The politics of identity continues to be a compelling and hotly debated topic in visual culture. Students explore the construction, negotiation, and contestation of identity and difference in visual and critical studies. The theoretical scope includes postcolonial theory, race theory, gender studies, and whiteness studies. Students investigate how theorists and artists address the complex intersections of race, sexuality, gender, class, health, and nationality in light of such subjects as immigration, transnational media, diasporic communities, disidentification, belonging, and desire. Special attention is given to critical and visual perspectives that challenge monolithic views of identity. We privilege diverse, multiple, and intersectional approaches that connect lived experience, social critique, and artistic practice. Focuses include cultural diversity, critical analysis, and visual literacy. Students also sharpen their research, verbal communication, and writing skills. Students will develop a general understanding of visual and critical studies in relation to theories of identity and difference, hone skills for analyzing culture from a visual and critical perspective, and focus on a final research project and class presentation using principles of visual and critical studies.
• Sara Ahmed, “Recognizing Strangers,” Strange Encounters: Embodied Others in Post-Coloniality (London: Routledge, 2000), 21-37.
• Martin A. Berger, “Introduction: White Like Me,” and “Museum Architecture and the Imperialism of Whiteness,” Sight Unseen: Whiteness and American Visual Culture (Berkeley: University of California Press, 2005), 1-8, 81-121.
• Homi K. Bhabha, “Introduction: Locations of Culture,” and “The Commitment to Theory,” The Location of Culture (New York: Routledge, 1994), 1-39.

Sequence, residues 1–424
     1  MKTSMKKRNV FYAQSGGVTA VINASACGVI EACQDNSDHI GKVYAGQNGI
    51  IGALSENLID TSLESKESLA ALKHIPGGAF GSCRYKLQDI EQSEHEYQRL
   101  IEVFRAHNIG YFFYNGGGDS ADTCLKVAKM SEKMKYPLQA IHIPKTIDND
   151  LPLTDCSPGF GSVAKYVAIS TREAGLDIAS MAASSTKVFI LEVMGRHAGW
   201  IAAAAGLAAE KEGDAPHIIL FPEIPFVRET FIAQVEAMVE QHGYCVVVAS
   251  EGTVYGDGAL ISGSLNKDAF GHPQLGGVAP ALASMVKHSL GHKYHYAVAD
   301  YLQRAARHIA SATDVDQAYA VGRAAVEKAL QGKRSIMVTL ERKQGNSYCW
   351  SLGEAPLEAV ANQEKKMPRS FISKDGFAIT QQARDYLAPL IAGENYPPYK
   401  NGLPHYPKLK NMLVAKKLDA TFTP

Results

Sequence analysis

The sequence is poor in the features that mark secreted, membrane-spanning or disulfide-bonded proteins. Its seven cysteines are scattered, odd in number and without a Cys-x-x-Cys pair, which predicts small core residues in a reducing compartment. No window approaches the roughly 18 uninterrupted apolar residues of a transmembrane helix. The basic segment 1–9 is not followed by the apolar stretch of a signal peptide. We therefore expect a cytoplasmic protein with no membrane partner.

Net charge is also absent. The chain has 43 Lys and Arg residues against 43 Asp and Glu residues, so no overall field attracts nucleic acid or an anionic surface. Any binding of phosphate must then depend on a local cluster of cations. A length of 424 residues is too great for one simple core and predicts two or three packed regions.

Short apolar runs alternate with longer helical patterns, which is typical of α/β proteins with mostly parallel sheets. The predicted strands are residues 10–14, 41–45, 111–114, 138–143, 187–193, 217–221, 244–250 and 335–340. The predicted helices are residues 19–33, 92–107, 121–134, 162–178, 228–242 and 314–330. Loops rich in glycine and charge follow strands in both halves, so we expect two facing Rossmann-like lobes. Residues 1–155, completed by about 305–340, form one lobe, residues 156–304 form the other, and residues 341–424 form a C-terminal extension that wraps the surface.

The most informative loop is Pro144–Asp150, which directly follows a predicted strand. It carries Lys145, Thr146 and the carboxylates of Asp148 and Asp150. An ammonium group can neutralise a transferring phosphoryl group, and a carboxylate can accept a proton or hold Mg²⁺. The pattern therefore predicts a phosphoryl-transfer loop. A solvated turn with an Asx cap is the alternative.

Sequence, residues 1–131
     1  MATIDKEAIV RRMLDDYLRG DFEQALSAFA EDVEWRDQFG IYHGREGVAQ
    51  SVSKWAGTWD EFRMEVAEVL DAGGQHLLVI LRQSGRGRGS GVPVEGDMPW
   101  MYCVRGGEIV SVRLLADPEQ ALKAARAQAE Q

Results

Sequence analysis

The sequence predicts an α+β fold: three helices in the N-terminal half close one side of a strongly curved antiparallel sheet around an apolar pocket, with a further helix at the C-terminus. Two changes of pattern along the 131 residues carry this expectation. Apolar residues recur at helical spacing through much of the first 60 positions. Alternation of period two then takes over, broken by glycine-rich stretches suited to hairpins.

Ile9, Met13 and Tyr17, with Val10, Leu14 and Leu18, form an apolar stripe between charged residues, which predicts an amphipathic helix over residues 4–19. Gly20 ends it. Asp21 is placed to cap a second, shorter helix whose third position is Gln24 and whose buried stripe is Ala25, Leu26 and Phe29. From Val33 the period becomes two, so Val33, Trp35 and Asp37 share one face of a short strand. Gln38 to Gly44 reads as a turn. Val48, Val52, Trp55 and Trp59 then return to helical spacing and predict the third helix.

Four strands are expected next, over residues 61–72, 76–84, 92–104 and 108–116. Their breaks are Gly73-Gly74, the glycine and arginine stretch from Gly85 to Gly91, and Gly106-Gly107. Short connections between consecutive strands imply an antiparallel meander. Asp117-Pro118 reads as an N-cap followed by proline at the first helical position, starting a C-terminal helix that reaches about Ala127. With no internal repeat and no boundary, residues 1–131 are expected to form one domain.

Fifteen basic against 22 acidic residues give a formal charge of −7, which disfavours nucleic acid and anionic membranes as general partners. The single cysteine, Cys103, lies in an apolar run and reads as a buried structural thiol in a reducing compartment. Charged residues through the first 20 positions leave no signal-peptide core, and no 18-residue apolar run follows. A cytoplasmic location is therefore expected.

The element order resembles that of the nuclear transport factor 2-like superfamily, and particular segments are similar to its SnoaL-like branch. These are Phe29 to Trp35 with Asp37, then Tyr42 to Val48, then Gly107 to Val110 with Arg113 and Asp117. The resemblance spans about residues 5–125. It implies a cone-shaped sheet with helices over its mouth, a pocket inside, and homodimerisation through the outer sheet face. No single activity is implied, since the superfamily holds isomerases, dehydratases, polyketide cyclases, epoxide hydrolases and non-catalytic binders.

• Judith Butler, “Introduction: Acting in Concert” and “Beside Oneself: On the Limits of Sexual Autonomy,” Undoing Gender (NY: Routledge, 2004), 1-39.
• James Clifford, “On Collecting Art and Culture,” Out There: Marginalization and Contemporary Culture, ed. R. Ferguson, et al. (Cambridge: MIT, 1992), 141-169.
• Brent Hayes Edwards, “The Uses of Diaspora,” Social Text no. 66 (Spring 2001): 45-73.
• Frantz Fanon, “The Fact of Blackness,” Black Skin, White Masks, trans. C. Markmann (New York: Grove, 1967), 109-140.
• Coco Fusco, “The Other History of Intercultural Performance,” English Is Broken Here: Notes on the Cultural Fusion in the Americas (NY: New Press, 1995), 37-77.
• José Esteban Muñoz, “Performing Disidentifications,” Disidentifications: Queers of Color and the Performance of Politics (Minneapolis: University of Minnesota Press, 1999), 1-34.
• Gayatri Spivak, “Explanation and Culture,” Marginalia,” In Other Worlds: Essays in Cultural Politics (NY: Routledge, 1987), 103-117.
• Trinh Minh-ha, “Difference: ‘A Special Third World Women Issue,’” Woman, Native, Other: Writing Postcoloniality and Feminism (Bloomington: Indiana UP, 1989), 79-116.
• James Young, “Art Spiegelman’s Maus and the After-Images of History,” At Memory’s Edge: After-Images of the Holocaust in Contemporary Art & Architecture (New Haven: Yale UP, 2000), 12-41.